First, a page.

Expectations for Equity Factor ETFs
What are you expecting from equity factor ETFs?
A number of research studies over the years encourage multi-factor exposure for enhance risk-adjusted return for a US equity allocation. At the core of this recommendation is the idea that different factors exhibit low correlation to one another. Value moves to the beat of its own drummer vis-à-vis momentum, which is relatively independent of the low-volatility factor, and so on.
The question is how this assumption holds up in practice? For some insight, let’s review how a set of exchange-traded funds stack up. The ETFs below represent various US equity factors and so by analyzing the group we can develop some real-world perspective for managing expectations.
As a preview, the results suggest that while there’s a modest degree of diversification benefits for some equity factor pairs, the broad market beta still dominates in most cases. The message, which isn’t surprising: equity portfolios are still equity portfolios. Short of going to more extreme choices (long-short strategies, for instance), it’s difficult to escape the stock market beta’s gravitational pull through a factor lens.
That’s not to say that diversifying across equity factors is worthless. Au contraire! But you can’t get blood out of a stone and so it’s essential that your expectations on what’s possible line up with real-world experience.
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With that in mind, let’s dive into the numbers. The first order of business is noting that the correlation analytics below are based on risk premia – subtracting a “risk-free” rate from the ETF returns. As a proxy for the risk-free return we’ll use iShares Short Treasury Bond (SHV).
For the factor proxies, here’s the opportunity set we’ll review:
For the first cut, consider how correlations line up for daily returns for the trailing one-year period through yesterday’s close (Oct. 7). The lowest correlations (i.e., the biggest bang for your buck re: diversification benefit) are found with minimum volatility (USMV) and micro-cap shares (IWC) via a 0.69 correlation. That’s fairly low and it implies that there’s a substantial amount of independence between the two factors. Not too shabby when you consider that the results still reflect a relationship within the US equity sphere. (Note: correlations range from +1.0, which is perfect positive correlation, to 0.0 or no correlation, and -1.0 perfect negative correlation.)
Alas, most of the correlations are moderately higher, with the bulk of results north of 0.80. That’s a reminder that the diversification benefits for most equity factor premia (at least for the ETFs listed above) are limited. That’s certainly true when we compare the factor ETFs to the broad market via SPDR S&P 500 (NYSEARCA:SPY). Note that all the factor ETFs exhibit correlations with SPY that range from 0.84 to 0.99. In other words, breaking free of the main US equity beta is challenging.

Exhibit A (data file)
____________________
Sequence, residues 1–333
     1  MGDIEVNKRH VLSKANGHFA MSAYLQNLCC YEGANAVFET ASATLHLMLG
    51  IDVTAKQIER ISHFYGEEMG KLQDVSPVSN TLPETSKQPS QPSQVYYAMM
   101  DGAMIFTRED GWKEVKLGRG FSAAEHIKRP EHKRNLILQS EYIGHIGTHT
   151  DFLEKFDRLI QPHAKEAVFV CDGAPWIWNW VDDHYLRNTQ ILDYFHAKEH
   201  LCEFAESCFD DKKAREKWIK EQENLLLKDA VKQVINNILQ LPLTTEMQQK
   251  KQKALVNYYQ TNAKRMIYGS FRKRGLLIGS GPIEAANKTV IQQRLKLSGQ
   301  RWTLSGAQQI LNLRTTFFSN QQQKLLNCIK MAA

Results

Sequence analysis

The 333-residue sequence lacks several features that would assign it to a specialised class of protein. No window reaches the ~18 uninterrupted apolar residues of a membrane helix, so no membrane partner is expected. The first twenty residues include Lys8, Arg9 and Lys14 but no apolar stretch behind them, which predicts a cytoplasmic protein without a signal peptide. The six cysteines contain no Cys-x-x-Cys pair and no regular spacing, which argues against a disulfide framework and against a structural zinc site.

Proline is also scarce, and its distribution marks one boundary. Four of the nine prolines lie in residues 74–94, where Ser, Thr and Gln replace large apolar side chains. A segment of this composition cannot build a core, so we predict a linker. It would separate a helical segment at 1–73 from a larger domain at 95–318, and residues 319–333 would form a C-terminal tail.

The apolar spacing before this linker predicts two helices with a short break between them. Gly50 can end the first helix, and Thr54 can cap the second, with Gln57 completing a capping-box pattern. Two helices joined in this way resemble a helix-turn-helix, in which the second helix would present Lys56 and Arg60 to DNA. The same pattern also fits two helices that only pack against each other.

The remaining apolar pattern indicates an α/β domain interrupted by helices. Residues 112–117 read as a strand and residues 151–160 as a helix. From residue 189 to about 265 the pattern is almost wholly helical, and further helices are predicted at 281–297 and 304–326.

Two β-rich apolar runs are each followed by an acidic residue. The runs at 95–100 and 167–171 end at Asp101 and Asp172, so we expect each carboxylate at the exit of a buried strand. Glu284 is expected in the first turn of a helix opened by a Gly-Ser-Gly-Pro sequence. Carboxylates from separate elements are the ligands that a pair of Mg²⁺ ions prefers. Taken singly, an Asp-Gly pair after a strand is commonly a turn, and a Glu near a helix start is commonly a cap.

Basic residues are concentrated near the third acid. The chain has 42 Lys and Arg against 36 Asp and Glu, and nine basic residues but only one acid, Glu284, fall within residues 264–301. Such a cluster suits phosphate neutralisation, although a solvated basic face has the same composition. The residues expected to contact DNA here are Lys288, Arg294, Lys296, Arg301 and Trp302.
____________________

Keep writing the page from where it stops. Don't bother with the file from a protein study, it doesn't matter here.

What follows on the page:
Then again, looking at the past one-year window may be misleading. Let’s expand the trailing period for daily risk premia to a five-year period look-back. Does that improve the diversification profile? Yes, albeit modestly. For example, the correlation between micro-cap shares (IWC) and the broad market (SPY) ticks down to 0.79 for the five-year window — a bit below the 0.84 reading for the trailing one-year period.
For purposes of portfolio design, however, it’s reasonable to focus on returns longer than daily results. Rolling one-year performances, for instance, may be more relevant for assessing risk premia relationships for asset allocation. On that point, the results in the table below are more encouraging — i.e., correlations tend to be modestly lower. The lowest pairings are found with low volatility (USMV)/small-cap growth (IJT) and low vol (USMV)/micro caps (IWC). On both counts, the correlations are 0.31 for one-year returns since 2014.
The results above imply that diversifying a US equity allocation through a mix of factors can be productive, with limits. If you’re looking for a deeper level of diversification you’ll have to look beyond the US equity space and/or employ more aggressive forms of equity management – merger arbitrage, for instance.
Finally, don’t forget that measuring diversification by way of correlation is a good way to begin the analysis, but it’s hardly the last word on the subject. There are several methodologies for quantifying the degree of diversification for a set of assets. Correlation deserves to be on the short list, but like every other metric it has its own set of pros and cons.